I found this story hilarious and couldn't stop listening. From the moment I started it, I only paused it when someone insisted on talking to me, otherwise I kept going through my day, ignoring the phone, my squawking parrots, and even my exercise routine. I wanted it to keep going, and going, and going. I've been never so disappointed to reach the end of a book. Encore! Encore!
BTW, BRAVO to Wil Wheaton who did such a fabulous job narrating and giving each character their own voice.
The kind of book that makes you late, just too hard to turn it off. The Heinlein of our time.
hmmmm. This book was interesting. I think it a lot of potential to be a bit better. The narrator was very good.
Easy listening to a fun story and keeps your interest very well.
Wil Wheaton does a great job of changing voices and has a wonderful pace and inflection.
Certainly not profound Sci-Fi but extremely entertaining.
If you're looking for something kinda silly, not too challenging, but still well-written, this is your book. I figured out the direction of the story very early on, so I was a bit disappointed - the "twist" was not a twist at all. But, the narrator is terrific, perfect for the book, and the writing is decent, so I kept it on during my daily walk. Actually, I needed something like this, I'd been listening to too many tough, and depressing books about the Middle East.
former nuclear scientist
I'm enjoying John Scalzi's work so far. Fast, fun, funny, and easy to follow books with one foot in the present and one foot in a fantasy world. Not quite sci-fi, because these books don't go into technology - it's more about relationships.
My quibble with the narrator, who is really great with dialogue, is that he isn't so great with narration, and that he gives every character, in every scene (even the non-absurd ones) an ironic, slightly mocking tone of voice. Not everyone is clever and cracking wise, not even in Scalzi's world, and I feel that Wheaton's take is too one-dimensional.
I'm not sure how well this book will age, with its timely references to Lindsay Lohan and a character who is a Holocaust survivor, so get it now.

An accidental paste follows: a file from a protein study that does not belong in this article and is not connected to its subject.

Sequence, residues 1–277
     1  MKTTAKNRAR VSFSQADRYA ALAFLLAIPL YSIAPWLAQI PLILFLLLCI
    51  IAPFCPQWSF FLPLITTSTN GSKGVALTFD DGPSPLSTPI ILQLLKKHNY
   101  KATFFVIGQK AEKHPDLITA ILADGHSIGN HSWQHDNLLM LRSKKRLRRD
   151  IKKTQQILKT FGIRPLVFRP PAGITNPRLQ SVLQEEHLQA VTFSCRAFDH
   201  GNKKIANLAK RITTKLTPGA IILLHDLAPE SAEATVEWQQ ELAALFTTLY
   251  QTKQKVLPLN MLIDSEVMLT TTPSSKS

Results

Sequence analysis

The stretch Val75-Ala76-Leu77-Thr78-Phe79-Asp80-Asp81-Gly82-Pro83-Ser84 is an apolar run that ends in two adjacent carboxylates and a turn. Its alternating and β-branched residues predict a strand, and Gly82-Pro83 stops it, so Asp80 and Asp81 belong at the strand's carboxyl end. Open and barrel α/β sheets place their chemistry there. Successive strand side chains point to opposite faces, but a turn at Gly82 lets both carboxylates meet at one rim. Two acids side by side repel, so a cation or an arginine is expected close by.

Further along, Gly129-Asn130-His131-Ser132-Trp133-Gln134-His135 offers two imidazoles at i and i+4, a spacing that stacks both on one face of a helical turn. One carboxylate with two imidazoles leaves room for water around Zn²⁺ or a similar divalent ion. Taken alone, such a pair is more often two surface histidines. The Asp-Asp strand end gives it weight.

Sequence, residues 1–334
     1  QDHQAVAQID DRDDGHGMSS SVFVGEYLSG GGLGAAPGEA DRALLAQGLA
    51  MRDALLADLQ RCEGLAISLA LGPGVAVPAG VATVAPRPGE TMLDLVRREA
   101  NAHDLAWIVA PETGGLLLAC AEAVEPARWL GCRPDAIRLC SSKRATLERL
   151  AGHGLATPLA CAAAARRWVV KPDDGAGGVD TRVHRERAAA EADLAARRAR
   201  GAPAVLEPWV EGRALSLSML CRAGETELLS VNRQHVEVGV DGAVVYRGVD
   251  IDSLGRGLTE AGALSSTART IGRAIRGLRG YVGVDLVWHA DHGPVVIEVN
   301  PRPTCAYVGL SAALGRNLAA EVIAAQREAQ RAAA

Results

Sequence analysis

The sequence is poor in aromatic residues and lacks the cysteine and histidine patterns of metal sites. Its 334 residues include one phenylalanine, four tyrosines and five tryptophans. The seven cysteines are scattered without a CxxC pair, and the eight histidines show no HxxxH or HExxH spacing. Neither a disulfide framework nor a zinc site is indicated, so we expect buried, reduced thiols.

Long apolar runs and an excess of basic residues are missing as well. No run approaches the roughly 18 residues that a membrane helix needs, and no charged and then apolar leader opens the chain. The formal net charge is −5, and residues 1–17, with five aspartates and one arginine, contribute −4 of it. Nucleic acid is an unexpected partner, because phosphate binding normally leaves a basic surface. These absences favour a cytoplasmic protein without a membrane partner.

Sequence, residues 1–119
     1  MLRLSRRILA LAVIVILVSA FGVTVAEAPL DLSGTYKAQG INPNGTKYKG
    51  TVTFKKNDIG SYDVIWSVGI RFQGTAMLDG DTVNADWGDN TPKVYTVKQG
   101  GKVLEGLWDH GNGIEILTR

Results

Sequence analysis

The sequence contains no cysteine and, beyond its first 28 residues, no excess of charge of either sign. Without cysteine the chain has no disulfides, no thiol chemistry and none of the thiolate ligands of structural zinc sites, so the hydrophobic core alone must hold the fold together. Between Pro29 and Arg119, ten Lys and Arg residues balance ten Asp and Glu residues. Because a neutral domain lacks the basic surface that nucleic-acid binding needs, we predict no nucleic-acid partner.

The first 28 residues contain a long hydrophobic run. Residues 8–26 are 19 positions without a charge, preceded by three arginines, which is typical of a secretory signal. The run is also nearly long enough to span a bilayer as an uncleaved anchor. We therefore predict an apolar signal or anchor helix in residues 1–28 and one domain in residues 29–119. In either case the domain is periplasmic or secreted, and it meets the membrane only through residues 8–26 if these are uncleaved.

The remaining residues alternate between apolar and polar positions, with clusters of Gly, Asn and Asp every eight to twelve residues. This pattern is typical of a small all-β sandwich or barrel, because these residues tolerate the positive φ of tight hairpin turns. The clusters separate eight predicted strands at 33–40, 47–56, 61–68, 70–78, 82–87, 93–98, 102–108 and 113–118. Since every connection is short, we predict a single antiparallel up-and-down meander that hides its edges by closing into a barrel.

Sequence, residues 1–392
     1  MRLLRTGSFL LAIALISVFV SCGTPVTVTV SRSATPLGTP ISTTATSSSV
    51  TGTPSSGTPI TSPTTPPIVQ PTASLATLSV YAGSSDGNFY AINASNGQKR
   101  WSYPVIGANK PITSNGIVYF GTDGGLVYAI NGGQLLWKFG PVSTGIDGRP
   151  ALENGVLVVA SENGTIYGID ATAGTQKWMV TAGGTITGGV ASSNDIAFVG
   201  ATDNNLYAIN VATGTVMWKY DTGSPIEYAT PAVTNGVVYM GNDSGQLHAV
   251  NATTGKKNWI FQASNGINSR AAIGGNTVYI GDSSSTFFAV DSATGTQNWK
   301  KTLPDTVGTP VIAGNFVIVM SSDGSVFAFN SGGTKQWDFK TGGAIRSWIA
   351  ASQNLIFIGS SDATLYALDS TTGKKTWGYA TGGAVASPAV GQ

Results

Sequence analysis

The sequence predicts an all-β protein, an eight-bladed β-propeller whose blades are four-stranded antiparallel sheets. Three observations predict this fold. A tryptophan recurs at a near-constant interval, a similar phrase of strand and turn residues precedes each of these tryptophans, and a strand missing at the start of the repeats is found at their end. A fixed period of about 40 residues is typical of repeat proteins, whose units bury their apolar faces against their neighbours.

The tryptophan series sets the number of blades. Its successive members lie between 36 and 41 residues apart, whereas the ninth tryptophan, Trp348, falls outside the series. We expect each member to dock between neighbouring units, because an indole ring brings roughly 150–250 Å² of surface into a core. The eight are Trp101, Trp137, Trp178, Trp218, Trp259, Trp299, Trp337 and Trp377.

My favorites series: Dresden files, outlander, agent Pendergast, My favorite individual books: the ascent of money, Great Gatsby, the forgoten garden, or anything by Neal Stephenson
Great read! The first hour is a bit slow for my taste but the rest is very captivating. Sometimes I venture outside of my comfort zone and listen to interesting recommendation from other listeners…this one was an excellent catch. Highly recommend this book to anyone.
Favorite author: Alexander McCall Smith Favorite narrator: Gerard Doyle Favorite listen : Burton and Swinburne Trilogy
I am so glad I bought Fuzzy Nation at a BOGO sale from audible because it introduced me to Scalzzi/Wheaton combo. Scalzzi writes campy sci fi what could be more campy than sci fi read by Ensign Crusher. When i started this review I was going to list my Scalzzi from top to bottom but it dawned on me everytime I hear/read another one I like it more. It is always campy sci-fi that turns into an inspiring story about "human" spirit. Ok, not touched, me niether but I do enjoy the ride. I can't get enough. I like listening to audiobooks while cleaning my house. I cleaned a lot of closets to this one because i literall could not put it down. and BTW with whispersync you don't have to. I also recommend Redshirts and i am listening to the Androids Dream now.
I'm an aspiring author, a lawyer, a sci-fi fan, a father, and a harsh critic of pretty much everything. I enjoy audiobooks because I read very slowly, and audiobooks allow me to consume novels at a rate that would be impossible for me to achieve with printed text.
After Redshirts and Fuzzy Nation, I was really looking forward to another Scalzi/Wheaton audiobook... but now I feel like someone who ate one-to-many handfuls marshmallows. It was delicious, until it wasn't, and now I feel like I never want to see a marshmallow ever again.
The problem for me is that I realized that Scalzi's characters all speak with the same voice. It doesn't help that Wil Wheaton is also literally reading them all in the same voice. Allow me to elaborate:
Scalzi's characters (if they aren't peripheral comic relief) all have a tendency to explain their thoughts in the same precise, snarky, overly-elaborate manner. What's worse, Scalzi's characters' monologues are clearly a crutch for the an author who has no idea how to use subtlety in his writing. He doesn't trust the readers at all, so he insults our intelligence by over-explaining everything to us. It is the classic mistake of TELLING rather than SHOWING.
Scalzi's novels are fun, and his premises are interesting, but Scalzi does all the thinking for you, and never challenges you. It's a meal without substance. It's junk food.
For all of Scalzi's flaws, he does have redeeming qualities. His novels are fun, and they have a sense of humor. I guess this one just had fewer redeeming qualities than the others, which has left me feeling disappointed.
If you've never listened to a Scalzi/Wheaton audiobook, don't let this review turn you off- but I would advise that you listen to Fuzzy Nation instead.
One of my favorites. Love Scalzi's knack for entertaining dialog and Wheaton really brings the story to life. Enjoy.